fbpx
Eco Atlantic Acquires Additional Participating Interest in Block 3B/4B Offshore South AfricaRead more Cellulant Recognised as a Leading Payment Platform Solutions Provider in Nigeria for its Tingg PlatformRead more Binance Signs Cristiano Ronaldo for Exclusive PartnershipRead more Human Rights Volunteer Roles to Return for FIFA World Cup QatarRead more White House ‘Social Media Summit’: No Facebook, No Twitter, No Transparency CopyRead more White House ‘Social Media Summit’: No Facebook, No Twitter, No TransparencyRead more White House ‘Social Media Summit’: No Facebook, No Twitter, No TransparencyRead more White House ‘Social Media Summit’: No Facebook, No Twitter, No TransparencyRead more White House ‘Social Media Summit’: No Facebook, No Twitter, No TransparencyRead more White House ‘Social Media Summit’: No Facebook, No Twitter, No TransparencyRead more

US election in numbers

Print Friendly and PDF

Nov 02, 2020 - 05:55 AM

WASHINGTON — The race for the White House continues to break new ground and set records in 2020 — on early voting, ad spending and more. These figures break down the campaign in numbers.

3

November 3: That’s the date for the US presidential election, congressional races, Senate contests and several state and local races. Election Day is traditionally set for the Tuesday after the first Monday in November.

10

10 key states

The presidential election is expected to come down to results in 10 states where residents tend to vacillate in their support between one party and the other.

Pennsylvania, Wisconsin, Michigan, Florida, Iowa and Ohio were essential for Donald Trump’s victory in 2016.

And polls show that Joe Biden could disrupt Republican electoral power in Georgia, Arizona, North Carolina and Texas this year.

35 + 435

Besides voting for president, millions of American voters will also be choosing members of the country’s 117th Congress. There are 35 Senate seats up for grabs, as are all 435 in the House of Representatives.

Democrats currently hold power in the House, an advantage they are unlikely to lose, according to experts.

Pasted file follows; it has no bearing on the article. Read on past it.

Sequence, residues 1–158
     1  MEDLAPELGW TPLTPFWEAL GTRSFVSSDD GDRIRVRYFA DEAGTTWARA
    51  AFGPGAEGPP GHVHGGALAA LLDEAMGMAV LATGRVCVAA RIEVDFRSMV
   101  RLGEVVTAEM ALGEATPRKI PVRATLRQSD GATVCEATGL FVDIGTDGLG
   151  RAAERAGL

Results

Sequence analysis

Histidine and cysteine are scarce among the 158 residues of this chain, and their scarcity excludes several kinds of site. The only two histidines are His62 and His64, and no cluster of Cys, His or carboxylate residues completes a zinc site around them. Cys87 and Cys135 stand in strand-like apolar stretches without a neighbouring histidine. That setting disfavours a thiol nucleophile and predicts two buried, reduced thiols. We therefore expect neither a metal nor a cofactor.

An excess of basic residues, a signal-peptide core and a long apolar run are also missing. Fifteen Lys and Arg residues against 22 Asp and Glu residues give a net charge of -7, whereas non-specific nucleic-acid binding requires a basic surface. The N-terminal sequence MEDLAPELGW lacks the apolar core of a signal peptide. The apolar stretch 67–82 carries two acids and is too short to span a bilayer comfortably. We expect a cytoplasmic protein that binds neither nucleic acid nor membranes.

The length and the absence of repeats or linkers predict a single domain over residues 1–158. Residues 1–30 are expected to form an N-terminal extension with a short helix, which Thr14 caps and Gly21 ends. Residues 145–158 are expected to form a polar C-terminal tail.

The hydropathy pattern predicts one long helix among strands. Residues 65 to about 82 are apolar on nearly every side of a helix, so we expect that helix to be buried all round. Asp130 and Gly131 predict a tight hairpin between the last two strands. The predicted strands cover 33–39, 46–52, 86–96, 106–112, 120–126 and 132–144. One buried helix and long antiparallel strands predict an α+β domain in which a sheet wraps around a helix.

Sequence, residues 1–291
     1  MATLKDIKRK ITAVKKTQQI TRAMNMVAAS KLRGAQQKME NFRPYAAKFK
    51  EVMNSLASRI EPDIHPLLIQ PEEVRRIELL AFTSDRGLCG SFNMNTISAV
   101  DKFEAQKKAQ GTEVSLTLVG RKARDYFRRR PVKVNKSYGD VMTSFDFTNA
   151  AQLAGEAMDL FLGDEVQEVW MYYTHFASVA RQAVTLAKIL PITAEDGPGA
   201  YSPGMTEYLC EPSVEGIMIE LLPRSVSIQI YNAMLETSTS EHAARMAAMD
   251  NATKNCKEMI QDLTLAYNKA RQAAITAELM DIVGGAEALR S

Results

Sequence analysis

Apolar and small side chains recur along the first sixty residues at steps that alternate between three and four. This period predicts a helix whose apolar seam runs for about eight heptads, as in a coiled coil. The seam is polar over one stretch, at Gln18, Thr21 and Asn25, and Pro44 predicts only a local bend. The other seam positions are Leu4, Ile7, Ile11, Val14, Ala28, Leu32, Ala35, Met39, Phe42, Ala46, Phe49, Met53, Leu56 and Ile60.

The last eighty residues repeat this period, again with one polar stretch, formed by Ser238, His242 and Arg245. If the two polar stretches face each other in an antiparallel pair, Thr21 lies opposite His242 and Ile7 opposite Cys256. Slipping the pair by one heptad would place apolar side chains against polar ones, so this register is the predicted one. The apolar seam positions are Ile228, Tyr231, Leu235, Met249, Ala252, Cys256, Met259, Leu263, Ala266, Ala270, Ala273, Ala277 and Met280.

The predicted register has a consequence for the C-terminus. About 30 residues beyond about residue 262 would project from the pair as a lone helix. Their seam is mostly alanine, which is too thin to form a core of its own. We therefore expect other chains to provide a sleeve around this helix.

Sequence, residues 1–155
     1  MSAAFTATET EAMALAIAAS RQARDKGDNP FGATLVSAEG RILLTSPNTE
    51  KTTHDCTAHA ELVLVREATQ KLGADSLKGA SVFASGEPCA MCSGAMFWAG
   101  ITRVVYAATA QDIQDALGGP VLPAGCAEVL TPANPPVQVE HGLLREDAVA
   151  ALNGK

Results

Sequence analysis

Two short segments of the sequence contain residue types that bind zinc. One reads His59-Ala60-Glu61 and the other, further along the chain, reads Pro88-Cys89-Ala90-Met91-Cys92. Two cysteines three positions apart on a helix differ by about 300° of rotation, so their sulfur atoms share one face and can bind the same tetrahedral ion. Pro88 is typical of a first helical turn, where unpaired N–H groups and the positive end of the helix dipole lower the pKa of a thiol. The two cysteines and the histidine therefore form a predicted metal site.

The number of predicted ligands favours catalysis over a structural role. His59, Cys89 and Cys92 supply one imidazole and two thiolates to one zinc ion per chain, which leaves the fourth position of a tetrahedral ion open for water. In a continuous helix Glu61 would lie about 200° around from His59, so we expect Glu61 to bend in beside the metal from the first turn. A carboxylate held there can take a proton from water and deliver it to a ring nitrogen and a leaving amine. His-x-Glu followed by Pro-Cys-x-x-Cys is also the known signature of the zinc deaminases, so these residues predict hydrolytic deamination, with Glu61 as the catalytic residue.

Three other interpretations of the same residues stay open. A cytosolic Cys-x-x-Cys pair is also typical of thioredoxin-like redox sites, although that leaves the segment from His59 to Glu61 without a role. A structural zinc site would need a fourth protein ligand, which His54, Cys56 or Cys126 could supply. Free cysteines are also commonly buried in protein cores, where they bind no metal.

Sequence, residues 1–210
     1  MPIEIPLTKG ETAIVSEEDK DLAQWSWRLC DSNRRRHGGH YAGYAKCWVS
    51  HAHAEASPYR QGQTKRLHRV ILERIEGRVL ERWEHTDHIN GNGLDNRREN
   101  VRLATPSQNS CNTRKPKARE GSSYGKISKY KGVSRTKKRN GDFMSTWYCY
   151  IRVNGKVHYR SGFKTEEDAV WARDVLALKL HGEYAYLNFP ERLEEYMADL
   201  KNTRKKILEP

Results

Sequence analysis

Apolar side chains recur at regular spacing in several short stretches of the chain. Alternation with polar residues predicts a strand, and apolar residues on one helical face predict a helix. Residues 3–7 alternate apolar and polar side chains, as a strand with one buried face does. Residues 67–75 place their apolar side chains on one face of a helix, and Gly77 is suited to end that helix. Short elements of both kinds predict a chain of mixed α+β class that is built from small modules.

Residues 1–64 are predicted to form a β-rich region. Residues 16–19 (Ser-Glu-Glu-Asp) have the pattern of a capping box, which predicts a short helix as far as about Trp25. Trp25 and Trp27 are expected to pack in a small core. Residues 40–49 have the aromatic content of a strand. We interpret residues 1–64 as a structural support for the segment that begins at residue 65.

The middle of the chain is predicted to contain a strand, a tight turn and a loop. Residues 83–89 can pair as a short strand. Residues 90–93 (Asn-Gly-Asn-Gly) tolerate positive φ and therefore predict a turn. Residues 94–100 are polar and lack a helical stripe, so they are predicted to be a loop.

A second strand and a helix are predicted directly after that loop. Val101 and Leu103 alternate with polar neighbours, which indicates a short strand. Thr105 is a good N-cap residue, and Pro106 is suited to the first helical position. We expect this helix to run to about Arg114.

If Biden is elected president and Democrats take control of the Senate, the party will have its hands on all of the biggest levers of federal power in Washington for the first time since the early days of Barack Obama’s presidency.

270

American democracy is executed through a unique mechanism on the national level: the Electoral College.

Rather than vote directly for their presidential candidate of choice, Americans actually vote for 538 electors who then elect the president.

To win the White House, a candidate must take an absolute majority of electoral votes, making 270 the magic number.

The number of electoral votes granted to each state is calculated by the number of representatives they send to the House (a number which itself is based on population) plus their senators (two each).

230,000,000 

There are 230 million Americans who are eligible to vote in the presidential election, although a large portion often sit it out.

But the 2020 election could see record-high turnout.

Early voting has already exceeded previous years’ numbers, with many voters preferring to fill out their ballots in advance to avoid long lines on an Election Day taking place in the middle of the coronavirus pandemic. As of Friday midday nearly 84 million people had cast their ballots early.

Some 138 million Americans voted in 2016.

6,600,000,000 

Campaigns have smashed spending records in 2020, with $6.6 billion spent by the respective presidential candidates — $2 billion more than was spent during the Trump-Clinton race four years ago, according to a study by the Center for Responsive Politics.

The Biden campaign has pulled ahead on that front, flooding airwaves in key states with political ads.

In total, more than $14 billion has been spent in the run-up to November 3, with more than $7 billion of that going toward congressional races.

LMBCNEWS.COM uses both Facebook and Disqus comment systems to make it easier for you to contribute. We encourage all readers to share their views on our articles and blog posts. All comments should be relevant to the topic. By posting, you agree to our Privacy Policy. We are committed to maintaining a lively but civil forum for discussion, so we ask you to avoid personal attacks, name-calling, foul language or other inappropriate behavior. Please keep your comments relevant and respectful. By leaving the ‘Post to Facebook’ box selected – when using Facebook comment system – your comment will be published to your Facebook profile in addition to the space below. If you encounter a comment that is abusive, click the “X” in the upper right corner of the Facebook comment box to report spam or abuse. You can also email us.